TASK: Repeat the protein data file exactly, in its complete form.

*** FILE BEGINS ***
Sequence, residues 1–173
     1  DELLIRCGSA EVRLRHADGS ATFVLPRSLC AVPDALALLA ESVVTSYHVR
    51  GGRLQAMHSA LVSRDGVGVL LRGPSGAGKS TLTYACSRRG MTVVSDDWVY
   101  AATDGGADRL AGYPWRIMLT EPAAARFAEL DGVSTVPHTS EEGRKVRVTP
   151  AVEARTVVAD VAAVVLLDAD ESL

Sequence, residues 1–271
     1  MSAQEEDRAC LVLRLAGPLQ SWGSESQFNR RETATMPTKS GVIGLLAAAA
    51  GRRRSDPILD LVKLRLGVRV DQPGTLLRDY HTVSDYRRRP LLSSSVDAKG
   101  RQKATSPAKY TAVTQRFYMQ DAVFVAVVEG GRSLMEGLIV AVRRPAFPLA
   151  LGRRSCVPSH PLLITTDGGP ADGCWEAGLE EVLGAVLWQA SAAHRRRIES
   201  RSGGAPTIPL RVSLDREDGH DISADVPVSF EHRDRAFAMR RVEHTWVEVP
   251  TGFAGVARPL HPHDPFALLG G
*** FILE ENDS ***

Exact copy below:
Sequence, residues 1–173
     1  DELLIRCGSA EVRLRHADGS ATFVLPRSLC AVPDALALLA ESVVTSYHVR
    51  GGRLQAMHSA LVSRDGVGVL LRGPSGAGKS TLTYACSRRG MTVVSDDWVY
   101  AATDGGADRL AGYPWRIMLT EPAAARFAEL DGVSTVPHTS EEGRKVRVTP
   151  AVEARTVVAD VAAVVLLDAD ESL

Sequence, residues 1–271
     1  MSAQEEDRAC LVLRLAGPLQ SWGSESQFNR RETATMPTKS GVIGLLAAAA
    51  GRRRSDPILD LVKLRLGVRV DQPGTLLRDY HTVSDYRRRP LLSSSVDAKG
   101  RQKATSPAKY TAVTQRFYMQ DAVFVAVVEG GRSLMEGLIV AVRRPAFPLA
   151  LGRRSCVPSH PLLITTDGGP ADGCWEAGLE EVLGAVLWQA SAAHRRRIES
   201  RSGGAPTIPL RVSLDREDGH DISADVPVSF EHRDRAFAMR RVEHTWVEVP
   251  TGFAGVARPL HPHDPFALLG G